Jewelry Care 101

Jewelry Care 101

Don’t swim in your jewelry… It’s okay to shower in jewelry… Crystals disintegrate in water… Soak your gems in chemical cleaner… Only wear waterproof metals…. 

Eeeek! There’s a lot of information out there telling us how to care for jewelry! What’s true? What’s false? We want to break it down for you metal-by-metal. Crystal-by-crystal.

For those of you looking for the quick answer: Yes, it’s okay to get jewelry wet, just dry it off after. And always, always, always keep it away from chemicals and sweat—especially when gemstones are involved.

Chemicals are sneaky things that hide in city water (chlorine), perfume, lotion, hand sanitizer, and more. So please, use discretion before showering with your jewelry or spraying your favorite perfume where you’re displaying a bracelet or earrings.

And why is sweat a problem? Sweat is mostly water, but it also contains salt, fatty acids, and ammonia. These things can eat away at metals and stones. So be sure to remove your jewelry before that workout or wipe it down when you’re done. 

That’s the gist of it, but if you’re a little nerdy like us and want a more detailed answer, we’ve got you.

There’s two things to keep in mind when caring for jewelry: Metal & Gemstones. First, let’s go over metal. Below are the metals we use in our jewelry and how to care for them.



14k gold-filled is a thick layer of 14k gold, over brass. It’s 100 times thicker than gold plate and is typically great for those with allergies to metal. It’s highly durable, will not discolor your skin, and is perfect for everyday wear. 

With time and wear, it can dull a little (usually because it’s dirty), but it should not tarnish. If your gold filled has tarnished, its surface was probably scratched or exposed to a chemical that stripped off the gold, revealing the brass. And guess what? Brass tarnishes when exposed to oxygen. Yikes. So, we need to prevent this from happening in the first place. How? Yeap, you guessed it, keep gold-filled clean from chemicals. And long days at the beach, where sharp things like sand can claw it.

How to clean your gold-filled jewelry: Use lukewarm soapy water and a soft brush (like a toothbrush), and gentry scrub the metal clean. Dry it when done. Do this when your piece looks dull or after exercising, swimming, or if you think it has been doused in something unfriendly. Stay away from chemical cleaners and polishing cloths.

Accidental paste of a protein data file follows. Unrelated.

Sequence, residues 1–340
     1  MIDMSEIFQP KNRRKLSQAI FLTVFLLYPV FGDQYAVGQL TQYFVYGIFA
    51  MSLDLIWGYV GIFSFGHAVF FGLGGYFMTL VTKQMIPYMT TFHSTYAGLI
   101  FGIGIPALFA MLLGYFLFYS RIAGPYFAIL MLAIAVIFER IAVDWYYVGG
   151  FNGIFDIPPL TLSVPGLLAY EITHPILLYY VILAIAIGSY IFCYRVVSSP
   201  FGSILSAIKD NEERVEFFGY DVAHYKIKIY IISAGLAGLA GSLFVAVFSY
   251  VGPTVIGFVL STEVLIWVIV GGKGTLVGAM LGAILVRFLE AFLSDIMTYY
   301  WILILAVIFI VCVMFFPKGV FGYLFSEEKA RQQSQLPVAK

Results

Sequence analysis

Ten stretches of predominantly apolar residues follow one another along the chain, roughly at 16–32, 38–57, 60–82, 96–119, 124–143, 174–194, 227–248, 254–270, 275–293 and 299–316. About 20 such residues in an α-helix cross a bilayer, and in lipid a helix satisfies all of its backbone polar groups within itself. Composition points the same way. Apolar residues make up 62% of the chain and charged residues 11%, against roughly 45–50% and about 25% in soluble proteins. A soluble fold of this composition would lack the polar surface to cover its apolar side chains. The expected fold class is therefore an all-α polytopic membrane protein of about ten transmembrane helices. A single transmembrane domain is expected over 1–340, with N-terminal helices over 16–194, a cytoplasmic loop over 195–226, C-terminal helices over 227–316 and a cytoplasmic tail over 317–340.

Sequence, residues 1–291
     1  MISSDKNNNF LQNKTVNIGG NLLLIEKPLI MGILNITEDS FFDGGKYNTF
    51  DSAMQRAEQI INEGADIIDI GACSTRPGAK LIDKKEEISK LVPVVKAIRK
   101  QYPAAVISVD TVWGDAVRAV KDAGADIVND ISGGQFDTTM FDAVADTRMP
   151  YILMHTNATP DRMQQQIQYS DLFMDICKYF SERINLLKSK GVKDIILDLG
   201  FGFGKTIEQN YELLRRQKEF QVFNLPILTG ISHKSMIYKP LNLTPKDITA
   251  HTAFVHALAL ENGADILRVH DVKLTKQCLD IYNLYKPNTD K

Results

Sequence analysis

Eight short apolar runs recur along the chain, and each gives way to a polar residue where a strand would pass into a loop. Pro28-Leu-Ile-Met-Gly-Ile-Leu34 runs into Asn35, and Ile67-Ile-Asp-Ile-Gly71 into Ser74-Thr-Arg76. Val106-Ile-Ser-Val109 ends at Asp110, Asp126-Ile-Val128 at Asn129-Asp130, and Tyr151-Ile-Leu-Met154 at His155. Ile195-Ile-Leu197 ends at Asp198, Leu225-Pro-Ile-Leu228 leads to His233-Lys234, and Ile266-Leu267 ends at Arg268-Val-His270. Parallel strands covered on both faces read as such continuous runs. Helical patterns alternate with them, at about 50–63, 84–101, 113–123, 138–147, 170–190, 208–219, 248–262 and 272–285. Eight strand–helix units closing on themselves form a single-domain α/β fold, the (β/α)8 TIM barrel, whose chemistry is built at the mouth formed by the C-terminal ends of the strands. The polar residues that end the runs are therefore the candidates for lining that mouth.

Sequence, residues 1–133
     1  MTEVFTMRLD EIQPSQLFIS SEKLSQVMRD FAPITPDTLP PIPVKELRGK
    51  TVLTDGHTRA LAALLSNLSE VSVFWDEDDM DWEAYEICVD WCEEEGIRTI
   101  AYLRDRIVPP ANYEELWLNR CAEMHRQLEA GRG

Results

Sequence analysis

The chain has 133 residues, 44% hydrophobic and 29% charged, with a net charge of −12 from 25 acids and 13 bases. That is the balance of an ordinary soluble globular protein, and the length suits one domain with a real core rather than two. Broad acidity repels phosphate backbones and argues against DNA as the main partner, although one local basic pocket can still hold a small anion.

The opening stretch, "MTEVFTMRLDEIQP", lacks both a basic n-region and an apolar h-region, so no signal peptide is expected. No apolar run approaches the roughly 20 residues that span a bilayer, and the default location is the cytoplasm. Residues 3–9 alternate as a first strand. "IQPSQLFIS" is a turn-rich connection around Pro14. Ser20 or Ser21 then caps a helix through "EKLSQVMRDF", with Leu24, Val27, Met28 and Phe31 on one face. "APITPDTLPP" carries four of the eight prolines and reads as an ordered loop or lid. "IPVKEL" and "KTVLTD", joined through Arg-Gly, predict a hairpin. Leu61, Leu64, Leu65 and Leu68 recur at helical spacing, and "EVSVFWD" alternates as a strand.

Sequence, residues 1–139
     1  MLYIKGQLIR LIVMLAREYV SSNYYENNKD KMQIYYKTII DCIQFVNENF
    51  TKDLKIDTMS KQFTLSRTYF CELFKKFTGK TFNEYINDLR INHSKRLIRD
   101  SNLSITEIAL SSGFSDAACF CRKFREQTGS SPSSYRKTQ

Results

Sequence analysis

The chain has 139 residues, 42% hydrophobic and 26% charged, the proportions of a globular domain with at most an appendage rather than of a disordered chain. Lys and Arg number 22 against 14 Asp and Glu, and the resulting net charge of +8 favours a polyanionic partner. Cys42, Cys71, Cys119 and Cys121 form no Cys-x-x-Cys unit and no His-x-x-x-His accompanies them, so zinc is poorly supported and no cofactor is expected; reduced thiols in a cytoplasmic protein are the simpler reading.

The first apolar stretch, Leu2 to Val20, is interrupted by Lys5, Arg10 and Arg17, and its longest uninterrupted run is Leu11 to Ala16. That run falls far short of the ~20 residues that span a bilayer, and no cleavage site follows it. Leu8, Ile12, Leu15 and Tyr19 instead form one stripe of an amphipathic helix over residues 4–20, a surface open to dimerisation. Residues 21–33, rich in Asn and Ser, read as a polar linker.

Silver wants to be worn! The oils in our skin keep it from tarnishing. Watch out for pools and hot tubs, though—they often have heavy amounts of chlorine, which can cause a discoloration that’s hard to reverse. When not wearing your sterling, store it in a baggy to keep it from oxidizing.

How to Clean Sterling Silver: If it has tarnished, use a polishing cloth or silver cleaner to get it looking brand new again. Just be mindful not to get any cleaner on gemstones. If you don’t have either, mix baking soda and water to form a paste slightly more watery than toothpaste. Then, soak the piece in it overnight. By morning, wash off the paste and your silver should be much cleaner. Repeat as needed. 



Our Vermeil jewelry has a layer of 18-24k gold over sterling silver. This metal requires some care, as it can tarnish, but cannot be polished. Store it in a sealed baggy when not worn, and remove it before exercising, swimming, or bathing. Chemicals and saltwater can strip the gold off, leaving you with a solid piece of sterling silver. 



This is a fine layer of gold or sterling silver electroformed over copper. Like Vermeil, electroplate can tarnish, so it’s recommended to store it in a sealed baggy and to remove it when exercising, swimming, or bathing.


Now for our favorites… Gemstones & Crystals!

Which ones are safe to get wet?

Please note, we are discussing crystals in jewelry, not crystals for making crystal water. Please research elsewhere if learning to make crystal water, as some minerals are dangerous to consume. 

Ways to tell your crystal jewelry is not safe for water:

We’re generalizing here, but typically anything under 6 on the Mohs Hardness scale is a no go with water. The Mohs Hardness scale measures how hard minerals are by scratching them against each other. Diamonds are the hardest at a 10, Lapis Lazuli is between a 6 & 5, while Talc is among the softest at 1. Of course, there are exceptions to this rule, (ahem, Emeralds) but it is a good basic tool to go by. 

Another way to tell is mineral names that end in “ite.” There is no scientific reasoning for this when it comes to water—it’s more of a coincidence. For example, Selenite, Malachite, Fluorite, and Calcite all should avoid water. Selenite will eventually disintegrate if repeatedly exposed to moisture. 

Lastly, crystals that are high in iron ore or copper will corrode if they get wet. How do you know which ones have high amounts of iron and copper? Basically, if it looks metallic, keep it away from moisture until you can research it. Examples include: Pyrite, Hematite, or Magnetite.

Warm & Cool Water Safe Gems:

Most Quartz (Amethyst, Citrine, Rose Quartz, Crystal/Clear Quartz, Smokey Quartz)
Carnelian (not saltwater)
Tiger’s Eye

Water Unsafe Gems:

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